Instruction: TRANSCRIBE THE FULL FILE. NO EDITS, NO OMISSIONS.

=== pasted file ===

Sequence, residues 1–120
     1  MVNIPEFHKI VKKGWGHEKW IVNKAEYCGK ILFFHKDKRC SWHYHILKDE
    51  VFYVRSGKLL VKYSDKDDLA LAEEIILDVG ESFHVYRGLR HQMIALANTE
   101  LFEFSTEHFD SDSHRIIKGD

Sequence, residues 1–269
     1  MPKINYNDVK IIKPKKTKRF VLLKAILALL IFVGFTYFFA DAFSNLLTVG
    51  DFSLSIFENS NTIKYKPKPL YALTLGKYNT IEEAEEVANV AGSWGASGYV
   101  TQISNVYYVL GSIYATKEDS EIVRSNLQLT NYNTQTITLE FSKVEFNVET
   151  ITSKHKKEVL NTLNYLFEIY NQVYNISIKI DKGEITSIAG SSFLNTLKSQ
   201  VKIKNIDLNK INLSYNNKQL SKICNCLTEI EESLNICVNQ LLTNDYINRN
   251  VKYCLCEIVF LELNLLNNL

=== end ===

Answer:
Sequence, residues 1–120
     1  MVNIPEFHKI VKKGWGHEKW IVNKAEYCGK ILFFHKDKRC SWHYHILKDE
    51  VFYVRSGKLL VKYSDKDDLA LAEEIILDVG ESFHVYRGLR HQMIALANTE
   101  LFEFSTEHFD SDSHRIIKGD

Sequence, residues 1–269
     1  MPKINYNDVK IIKPKKTKRF VLLKAILALL IFVGFTYFFA DAFSNLLTVG
    51  DFSLSIFENS NTIKYKPKPL YALTLGKYNT IEEAEEVANV AGSWGASGYV
   101  TQISNVYYVL GSIYATKEDS EIVRSNLQLT NYNTQTITLE FSKVEFNVET
   151  ITSKHKKEVL NTLNYLFEIY NQVYNISIKI DKGEITSIAG SSFLNTLKSQ
   201  VKIKNIDLNK INLSYNNKQL SKICNCLTEI EESLNICVNQ LLTNDYINRN
   251  VKYCLCEIVF LELNLLNNL